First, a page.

Kingston Police talk post-Homecoming measures at service board meeting

AMS Social Issues Commissioner speaks to student perspective

Kingston Police forms committee dedicated to changing street party culture at Queen’s. 

On Nov. 18, the Kingston Police board held their monthly meeting. Among the topics discussed was police presence over the Homecoming weekends.

Inspector Matt Funnell began his presentation by stating the Kingston Police anticipated large street parties and gatherings during the Homecoming weekends.

Funnell explained this year was “unique,” with students fully back on the campus for the first time since March 2020.

Despite announcements that 2021 Homecoming weekend was set to take place virtually from Oct. 15 to 17, Funnell said Kingston Police decided to increase their presence in the student district after observing large gatherings in September that violated public health measures.

“We were inundated with 2,500 to 5,000 students who took over University, Johnson, and Earl [street],” he said. “On Sept. 2, another 1,000 students spilled over onto university [and] forced us to post [officers] on Johnson Street.”

According to Funnell, officers reported being “pelted with bottles” by students in September. He said one officer alleged they were assaulted with a plastic bag by a student.

“It was a level of defiance and violence we had not really seen this early on [in the school year],” he said.

By the second week of school, Funnell said Kingston Police decided to come up with a “strategic enforcement plan.” The process also included the City’s implementation of aggravated nuisance party bylaw and nuisance party bylaw.

Ahead of Homecoming, Funnel said Kingston Police learned students were planning back-to-back unsanctioned partying on Oct. 16 and 23.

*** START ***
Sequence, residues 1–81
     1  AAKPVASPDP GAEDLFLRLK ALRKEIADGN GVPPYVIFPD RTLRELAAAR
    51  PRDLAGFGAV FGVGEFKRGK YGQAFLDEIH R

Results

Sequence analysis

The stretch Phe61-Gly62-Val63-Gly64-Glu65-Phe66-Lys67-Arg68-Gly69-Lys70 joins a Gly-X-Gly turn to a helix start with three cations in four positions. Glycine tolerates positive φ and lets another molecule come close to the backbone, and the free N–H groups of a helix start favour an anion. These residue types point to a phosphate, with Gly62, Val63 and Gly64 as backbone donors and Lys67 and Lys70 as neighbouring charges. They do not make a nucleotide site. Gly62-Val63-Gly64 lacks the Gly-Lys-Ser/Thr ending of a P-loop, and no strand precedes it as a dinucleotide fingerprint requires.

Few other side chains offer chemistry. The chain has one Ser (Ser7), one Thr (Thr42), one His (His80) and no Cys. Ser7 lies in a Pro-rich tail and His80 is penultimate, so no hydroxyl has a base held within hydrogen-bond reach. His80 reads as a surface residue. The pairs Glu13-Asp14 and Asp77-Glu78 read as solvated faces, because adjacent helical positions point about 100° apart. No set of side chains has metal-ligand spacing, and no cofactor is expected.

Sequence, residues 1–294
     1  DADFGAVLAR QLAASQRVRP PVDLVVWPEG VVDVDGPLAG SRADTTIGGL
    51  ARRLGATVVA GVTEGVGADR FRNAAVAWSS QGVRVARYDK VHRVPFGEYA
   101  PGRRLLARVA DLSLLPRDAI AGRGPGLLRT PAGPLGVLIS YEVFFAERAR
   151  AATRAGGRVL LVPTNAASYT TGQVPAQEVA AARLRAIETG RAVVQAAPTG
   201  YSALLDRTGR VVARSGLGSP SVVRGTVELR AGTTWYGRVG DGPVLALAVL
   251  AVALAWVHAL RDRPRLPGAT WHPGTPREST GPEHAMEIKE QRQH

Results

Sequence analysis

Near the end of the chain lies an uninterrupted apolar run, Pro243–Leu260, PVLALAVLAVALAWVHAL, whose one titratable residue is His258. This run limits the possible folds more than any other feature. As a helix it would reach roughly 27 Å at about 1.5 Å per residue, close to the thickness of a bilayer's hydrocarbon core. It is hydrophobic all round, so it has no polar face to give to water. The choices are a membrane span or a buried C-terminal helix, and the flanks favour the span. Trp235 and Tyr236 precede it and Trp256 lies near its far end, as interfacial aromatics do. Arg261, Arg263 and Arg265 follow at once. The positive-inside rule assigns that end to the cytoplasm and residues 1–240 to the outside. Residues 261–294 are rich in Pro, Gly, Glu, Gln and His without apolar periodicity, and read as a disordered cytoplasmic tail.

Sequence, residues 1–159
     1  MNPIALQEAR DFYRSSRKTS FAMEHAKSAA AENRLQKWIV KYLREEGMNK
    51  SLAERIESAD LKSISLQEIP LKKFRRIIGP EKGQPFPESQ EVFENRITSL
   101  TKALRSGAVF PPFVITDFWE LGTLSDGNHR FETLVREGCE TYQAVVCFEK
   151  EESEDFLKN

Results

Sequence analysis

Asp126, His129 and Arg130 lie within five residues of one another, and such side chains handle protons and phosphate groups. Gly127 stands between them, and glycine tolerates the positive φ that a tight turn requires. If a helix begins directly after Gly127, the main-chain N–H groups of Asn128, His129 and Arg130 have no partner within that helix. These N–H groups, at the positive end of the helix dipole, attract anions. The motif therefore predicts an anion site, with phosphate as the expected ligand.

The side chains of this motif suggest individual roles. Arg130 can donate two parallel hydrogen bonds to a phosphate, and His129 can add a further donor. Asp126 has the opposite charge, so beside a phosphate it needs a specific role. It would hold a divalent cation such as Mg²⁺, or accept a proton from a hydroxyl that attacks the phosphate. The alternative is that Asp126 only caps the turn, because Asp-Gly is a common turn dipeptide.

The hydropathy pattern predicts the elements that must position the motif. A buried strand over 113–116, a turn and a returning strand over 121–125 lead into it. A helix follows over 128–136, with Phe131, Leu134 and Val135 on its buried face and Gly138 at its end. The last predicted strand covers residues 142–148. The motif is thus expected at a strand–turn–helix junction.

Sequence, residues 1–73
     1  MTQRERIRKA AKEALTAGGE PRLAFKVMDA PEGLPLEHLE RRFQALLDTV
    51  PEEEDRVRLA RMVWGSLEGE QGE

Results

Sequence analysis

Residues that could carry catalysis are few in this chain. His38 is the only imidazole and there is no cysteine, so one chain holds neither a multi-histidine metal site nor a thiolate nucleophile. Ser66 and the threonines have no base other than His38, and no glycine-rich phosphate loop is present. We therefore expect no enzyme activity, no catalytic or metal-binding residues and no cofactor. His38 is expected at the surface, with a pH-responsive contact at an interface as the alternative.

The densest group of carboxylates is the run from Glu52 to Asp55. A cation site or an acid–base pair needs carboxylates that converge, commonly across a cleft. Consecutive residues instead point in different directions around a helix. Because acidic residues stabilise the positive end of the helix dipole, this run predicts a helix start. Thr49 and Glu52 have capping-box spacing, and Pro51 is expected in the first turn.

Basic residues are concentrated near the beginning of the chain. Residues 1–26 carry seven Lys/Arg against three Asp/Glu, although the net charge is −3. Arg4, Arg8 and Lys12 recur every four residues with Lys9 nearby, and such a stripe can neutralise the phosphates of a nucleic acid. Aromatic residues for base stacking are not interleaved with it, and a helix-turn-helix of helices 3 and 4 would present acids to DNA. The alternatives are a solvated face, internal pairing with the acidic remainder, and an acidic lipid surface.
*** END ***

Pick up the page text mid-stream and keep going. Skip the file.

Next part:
“[Queen’s Homecoming] fell so far behind others [universities] across the province, as students were planning to come in Kingston for that week from another jurisdiction,” Funnell said.

Funnell specifically referenced online influencer Jack Denmo as someone who encouraged out-of-town students to come to Kingston.

“That made us realize pretty quickly that we were going to have a problem over back-to-back weekends to deal with,” Funnell said.

According to Funnell, 81 members of Kingston Police and 108 members of Ontario Provincial Police (OPP) were deployed on Oct 15. Some officers had access to long-range acoustic devices—tools that allowed Police to declare nuisance parties over large crowds.

On Oct. 16, 31 members of Durham Regional Police arrived in Kingston to assist.

After Funnell’s presentation, Christian Leuprecht, professor at Queen’s School of Policy Studies, asked what kind of trends law enforcement has observed regarding the university’s party culture.

“Over the years, we’ve seen considerably more [gatherings],” Funnell said. “I think what’s very different and very concerning this year is the dynamic of that crowd and the behaviour that we saw.”

READ MORE: ‘This is an opportunity for us to be critical’: Policing beyond homecoming

Additionally, Chief of Kingston Police Antje McNeely said Kingston Police has formed a committee dedicated to changing Queen’s street party culture.

“We started early, even in this year, when we saw what was happening with the movements, we were also monitoring the trend of all the different universities—ours was the last one [to hold Homecoming],” McNeely said.

In an email sent to The Journal, Samara Lijiam, AMS Social Issues Commissioner, said responses and feedback received from students about their interactions with the police have been overwhelmingly negative.

“Students described being searched, detained, and arrested without being told the reason […] This widespread negligence of due process is concerning, and we are continuing to collect student experiences through the survey,” she wrote.

“We will be bringing these concerns to the City, Police, and Principal. We will also be releasing a report analyzing the findings of this research in the new year.”

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